Thursday, August 14, 2008

Solid hiring advice in any industry

For the past 20 years, my wife has worked for a firm that provides financial software products to the structured finance industry. It’s a great story – a couple of MIT guys working out of modest digs in 1985 are in 2008 the undisputed leaders in the cashflow modeling industry – managing a firm of over 100 people on three continents.

So what’s their secret? I’ll let a long-time employee tell it:

When we hire people, we try to bring in candidates that have some connection to the company – a friend, former co-worker, colleague in a client firm, etc. – and see if they are what we are looking for. A few years ago, I had a friend-of-a-friend who was an assistant to a fixed income money manager before he was laid off so I had him come in for an interview. Our hiring manager told me that he totally bombed on the problem solving questions so they didn't bring him back for a second round.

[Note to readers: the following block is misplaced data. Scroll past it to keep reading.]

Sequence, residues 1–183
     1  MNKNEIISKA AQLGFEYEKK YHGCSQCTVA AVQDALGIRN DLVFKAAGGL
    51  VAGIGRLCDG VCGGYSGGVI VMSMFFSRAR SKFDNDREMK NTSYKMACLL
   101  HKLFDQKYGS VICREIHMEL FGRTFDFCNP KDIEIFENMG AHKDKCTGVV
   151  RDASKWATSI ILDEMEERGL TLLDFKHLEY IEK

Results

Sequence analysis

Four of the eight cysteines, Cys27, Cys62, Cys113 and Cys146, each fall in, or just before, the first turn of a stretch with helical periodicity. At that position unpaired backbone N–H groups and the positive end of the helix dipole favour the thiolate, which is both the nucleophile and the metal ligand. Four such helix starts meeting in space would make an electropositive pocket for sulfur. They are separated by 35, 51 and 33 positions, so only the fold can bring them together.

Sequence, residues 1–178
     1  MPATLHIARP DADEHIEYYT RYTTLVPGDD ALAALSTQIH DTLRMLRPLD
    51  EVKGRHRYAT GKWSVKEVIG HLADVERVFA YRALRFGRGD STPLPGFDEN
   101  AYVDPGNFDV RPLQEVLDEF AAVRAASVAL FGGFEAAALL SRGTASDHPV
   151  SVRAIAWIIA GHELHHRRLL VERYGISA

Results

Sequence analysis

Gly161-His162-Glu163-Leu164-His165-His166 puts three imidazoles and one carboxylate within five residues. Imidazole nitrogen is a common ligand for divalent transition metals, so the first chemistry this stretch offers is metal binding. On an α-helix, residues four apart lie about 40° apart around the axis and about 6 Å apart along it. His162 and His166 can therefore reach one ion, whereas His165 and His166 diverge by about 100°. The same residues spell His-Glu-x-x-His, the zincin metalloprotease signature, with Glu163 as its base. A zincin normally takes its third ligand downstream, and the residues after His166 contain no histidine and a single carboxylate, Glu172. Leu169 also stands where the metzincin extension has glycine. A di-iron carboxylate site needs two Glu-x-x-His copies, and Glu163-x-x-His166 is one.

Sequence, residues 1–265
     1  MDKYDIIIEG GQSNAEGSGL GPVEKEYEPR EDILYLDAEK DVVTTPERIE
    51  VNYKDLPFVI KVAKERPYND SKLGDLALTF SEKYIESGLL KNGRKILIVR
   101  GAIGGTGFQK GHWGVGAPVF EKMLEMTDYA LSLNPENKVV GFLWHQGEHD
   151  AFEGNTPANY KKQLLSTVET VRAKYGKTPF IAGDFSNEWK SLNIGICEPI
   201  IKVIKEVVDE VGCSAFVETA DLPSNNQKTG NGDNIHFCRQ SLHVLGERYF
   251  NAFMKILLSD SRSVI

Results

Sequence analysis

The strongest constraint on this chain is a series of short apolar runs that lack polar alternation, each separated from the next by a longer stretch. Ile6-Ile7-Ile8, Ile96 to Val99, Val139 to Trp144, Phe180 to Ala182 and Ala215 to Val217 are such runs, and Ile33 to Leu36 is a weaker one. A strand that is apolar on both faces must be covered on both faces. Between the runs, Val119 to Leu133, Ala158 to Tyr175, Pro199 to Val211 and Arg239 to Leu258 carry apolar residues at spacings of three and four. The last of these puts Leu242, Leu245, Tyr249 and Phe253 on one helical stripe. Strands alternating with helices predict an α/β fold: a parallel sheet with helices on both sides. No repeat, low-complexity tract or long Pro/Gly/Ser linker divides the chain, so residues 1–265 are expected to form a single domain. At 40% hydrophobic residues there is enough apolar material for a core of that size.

The candidate called me a couple weeks later for a postmortem but was completely baffled about why the fact that he couldn't answer a question about how to efficiently weight 9 pennies had anything to do with whether he was a good bond analyst or not. I tried to explain that our philosophy in hiring is that we're looking for good generic problem solvers and finance knowledge coming in the door isn't important. I knew that he still didn't get it when we hung up and the next couple times I talked to our mutual friend, she pressed me on it and couldn't get her to understand that one of the keys to our long-term success over the years has been our hiring process. We haven't hired that much dead wood and while we've probably passed on a lot of people who ultimately would have turned into great employees, we've minimized the number of people on board who are useless. She didn't get it and still doesn't.

Makes sense to me, what do you think?

Bruce

1 comment:

Matt Handal said...

When hiring, here are the factors I consider:

1. Interpersonal Communication: There is an old saying that goes, "Hired for technical skills, fired for people skills." You want to make sure whoever you are hiring can communicate well.

2. Ability to fit into the corporate culture

3. Skills for Job

In general, there are always people looking for work (even with the current situation in A/E/C). Look for reasons to say "no" rather than reasons to say "yes."

As a manager, hiring is the most important thing you do. So it should be approached with careful thought.

That's my philosophy.

 
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